What Klaas-Jan Huntelaar's New Deal Means for Schalke
It was a sensible decision for Huntelaar, who had utterly failed at Real Madrid and Milan before joining what at the time was a modest but ambitious Schalke side. In his first season he was often injured, but the Gelsenkirchen club went further in the Champions League than Los Blancos had in eight seasons prior, and further than Milan had any reasonable chance of progressing in the years to come.
Last season, a still-young Schalke side impressed on three fronts as the Dutchman scored a remarkable 48 goals—33 percent more than his previous high for a season. Finally, Huntelaar had found a place where he could succeed under manageable pressure. To sweeten the pot, Schalke offered a sizable raise to an estimated €7 million per year.
Still, Huntelaar's decision was by no means a given. The 29-year-old was linked with a January move to Arsenal, and Inter, Liverpool and Tottenham among others were rumored to be interested in his services. Huntelaar had put off signing a contract extension for several months, and would have been free to accept any offer in June. Among the myriad possibilities, he chose Schalke.
Retaining Huntelaar is a big step for Schalke, who are now in a precarious position in their history. Their current squad is only missing a decent goalkeeper and perhaps a backup striker; otherwise, it is one of Europe's best. Still, with the contracts of many players set to expire in 2014 and 2015, and with Lewis Holtby set to leave at season's end, there is a certain turbulence about the Schalke squad that does not exactly promote sustained sporting progress at the club.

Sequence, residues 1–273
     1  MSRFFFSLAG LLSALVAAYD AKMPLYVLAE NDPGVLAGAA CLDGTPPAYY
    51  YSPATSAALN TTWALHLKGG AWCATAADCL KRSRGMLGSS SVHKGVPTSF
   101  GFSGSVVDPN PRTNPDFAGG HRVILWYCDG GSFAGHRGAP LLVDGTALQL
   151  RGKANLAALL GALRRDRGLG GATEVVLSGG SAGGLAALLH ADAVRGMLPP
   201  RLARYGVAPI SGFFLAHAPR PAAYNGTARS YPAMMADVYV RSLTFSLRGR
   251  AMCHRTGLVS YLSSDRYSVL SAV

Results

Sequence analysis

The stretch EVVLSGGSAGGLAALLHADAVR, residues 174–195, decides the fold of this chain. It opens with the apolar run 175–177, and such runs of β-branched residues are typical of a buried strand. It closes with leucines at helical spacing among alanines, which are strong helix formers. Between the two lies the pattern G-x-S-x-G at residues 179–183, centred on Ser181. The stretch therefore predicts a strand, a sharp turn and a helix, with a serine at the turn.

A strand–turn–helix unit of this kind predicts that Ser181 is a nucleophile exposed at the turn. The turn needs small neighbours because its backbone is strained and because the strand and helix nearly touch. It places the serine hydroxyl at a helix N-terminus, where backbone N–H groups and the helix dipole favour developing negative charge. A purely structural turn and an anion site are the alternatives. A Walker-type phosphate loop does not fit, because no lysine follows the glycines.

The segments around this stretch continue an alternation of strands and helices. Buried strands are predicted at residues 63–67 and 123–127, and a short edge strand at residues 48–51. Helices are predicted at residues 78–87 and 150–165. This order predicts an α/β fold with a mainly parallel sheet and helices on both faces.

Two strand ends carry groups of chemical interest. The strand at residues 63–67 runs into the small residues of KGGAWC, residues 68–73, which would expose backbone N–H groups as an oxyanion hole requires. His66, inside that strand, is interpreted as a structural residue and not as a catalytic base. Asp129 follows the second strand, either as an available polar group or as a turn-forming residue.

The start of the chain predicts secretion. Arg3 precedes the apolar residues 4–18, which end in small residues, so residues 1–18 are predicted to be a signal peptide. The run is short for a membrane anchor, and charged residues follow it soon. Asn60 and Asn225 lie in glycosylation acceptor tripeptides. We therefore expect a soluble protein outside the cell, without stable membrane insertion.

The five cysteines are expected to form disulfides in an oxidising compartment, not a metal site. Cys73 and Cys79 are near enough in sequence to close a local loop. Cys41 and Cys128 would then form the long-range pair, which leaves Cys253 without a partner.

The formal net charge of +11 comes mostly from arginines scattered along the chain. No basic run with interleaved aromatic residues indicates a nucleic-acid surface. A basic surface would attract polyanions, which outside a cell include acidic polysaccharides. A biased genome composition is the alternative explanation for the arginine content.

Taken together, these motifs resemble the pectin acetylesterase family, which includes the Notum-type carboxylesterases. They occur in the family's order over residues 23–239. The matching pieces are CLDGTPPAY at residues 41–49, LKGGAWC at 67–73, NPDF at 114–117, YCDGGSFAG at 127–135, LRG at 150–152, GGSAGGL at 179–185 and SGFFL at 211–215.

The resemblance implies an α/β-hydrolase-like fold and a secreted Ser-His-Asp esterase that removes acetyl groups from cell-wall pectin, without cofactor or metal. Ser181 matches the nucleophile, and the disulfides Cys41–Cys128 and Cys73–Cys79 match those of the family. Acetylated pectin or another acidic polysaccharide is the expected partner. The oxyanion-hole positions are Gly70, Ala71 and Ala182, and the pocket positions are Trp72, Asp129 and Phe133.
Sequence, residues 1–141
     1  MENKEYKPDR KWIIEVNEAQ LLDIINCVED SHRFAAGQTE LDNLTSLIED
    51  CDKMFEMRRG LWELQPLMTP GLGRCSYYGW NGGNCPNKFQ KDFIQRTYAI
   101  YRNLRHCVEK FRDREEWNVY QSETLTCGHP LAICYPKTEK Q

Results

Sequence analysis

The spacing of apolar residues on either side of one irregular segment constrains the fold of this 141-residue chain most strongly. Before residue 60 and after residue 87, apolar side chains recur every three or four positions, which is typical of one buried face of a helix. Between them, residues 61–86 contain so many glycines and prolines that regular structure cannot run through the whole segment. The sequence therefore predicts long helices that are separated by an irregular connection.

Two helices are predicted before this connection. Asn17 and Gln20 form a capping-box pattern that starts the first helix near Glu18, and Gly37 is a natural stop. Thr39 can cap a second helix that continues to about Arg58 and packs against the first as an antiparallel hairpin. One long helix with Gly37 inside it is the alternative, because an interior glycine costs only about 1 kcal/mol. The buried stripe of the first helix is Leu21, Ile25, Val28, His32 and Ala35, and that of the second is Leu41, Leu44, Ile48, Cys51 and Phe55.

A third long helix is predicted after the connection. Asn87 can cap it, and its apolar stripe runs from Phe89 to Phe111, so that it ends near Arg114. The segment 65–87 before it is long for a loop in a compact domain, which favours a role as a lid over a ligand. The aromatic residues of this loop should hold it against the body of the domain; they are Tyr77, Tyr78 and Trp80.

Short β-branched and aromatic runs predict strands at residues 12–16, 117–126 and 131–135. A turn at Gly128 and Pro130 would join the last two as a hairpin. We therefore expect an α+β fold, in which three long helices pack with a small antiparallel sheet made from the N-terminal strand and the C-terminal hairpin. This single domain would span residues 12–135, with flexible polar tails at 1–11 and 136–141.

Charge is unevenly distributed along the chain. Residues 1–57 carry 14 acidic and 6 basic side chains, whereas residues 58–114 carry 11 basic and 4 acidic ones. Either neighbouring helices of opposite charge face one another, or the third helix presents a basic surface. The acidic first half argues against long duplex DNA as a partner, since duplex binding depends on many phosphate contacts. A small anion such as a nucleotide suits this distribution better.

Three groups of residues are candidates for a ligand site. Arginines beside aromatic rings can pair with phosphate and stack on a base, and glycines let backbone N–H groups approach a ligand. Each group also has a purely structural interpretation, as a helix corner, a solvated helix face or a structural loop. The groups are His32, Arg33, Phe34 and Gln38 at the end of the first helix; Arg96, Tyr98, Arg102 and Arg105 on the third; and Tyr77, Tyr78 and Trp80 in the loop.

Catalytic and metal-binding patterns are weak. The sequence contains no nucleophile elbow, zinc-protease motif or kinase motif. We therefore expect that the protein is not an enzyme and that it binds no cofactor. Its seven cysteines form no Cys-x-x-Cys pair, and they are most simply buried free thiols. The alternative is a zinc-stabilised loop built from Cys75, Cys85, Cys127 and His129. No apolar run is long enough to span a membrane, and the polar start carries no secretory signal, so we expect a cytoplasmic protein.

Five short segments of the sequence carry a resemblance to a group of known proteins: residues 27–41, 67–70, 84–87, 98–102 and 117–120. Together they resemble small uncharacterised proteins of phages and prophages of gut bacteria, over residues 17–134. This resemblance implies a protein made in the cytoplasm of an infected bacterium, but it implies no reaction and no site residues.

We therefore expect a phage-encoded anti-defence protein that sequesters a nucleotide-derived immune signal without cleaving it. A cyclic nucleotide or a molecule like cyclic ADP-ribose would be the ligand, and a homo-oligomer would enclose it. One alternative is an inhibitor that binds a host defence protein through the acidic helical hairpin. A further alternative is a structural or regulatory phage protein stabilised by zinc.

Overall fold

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Although Holtby's departure will be a significant loss, Huntelaar's extension has at least made a sign that Schalke will fight for their stars, and that quality players do indeed see S04 as an enviable destination. If both Huntelaar and Holtby were to have left this summer for free, there's little doubt Howedes would have followed them out the door in 12 months' time, or perhaps sooner. Now there is at least a chance to keep the captain and Germany defender, whom Bayern tried to sign in 2011.
From a sporting perspective, of course, the retention of Huntelaar through 2015 is a huge plus for Schalke. Strikers are often the most difficult players to replace, and and are typically the most expensive. No striker in the S04 academy is ready to shoulder the burden of expectation as the Dutchman's replacement, and neither Teemu Pukki nor Ciprian Marica—despite Horst Heldt's inexplicably undying faith in the latter—can be expected to produce the majority of their team's goals.
In extending Huntelaar's contract, Schalke have saved perhaps €10 million in fees paid for an replacement striker who would in all likelihood have had at least teething problems, if not been a complete flop. They have kept arguably their biggest star and, in doing so, have given other players a reason to stay in—or move to—Gelsenkirchen, even if that means turning down offers from Arsenal and Spurs. Given that it cost around €1-2 million more per season, that's money well-spent.
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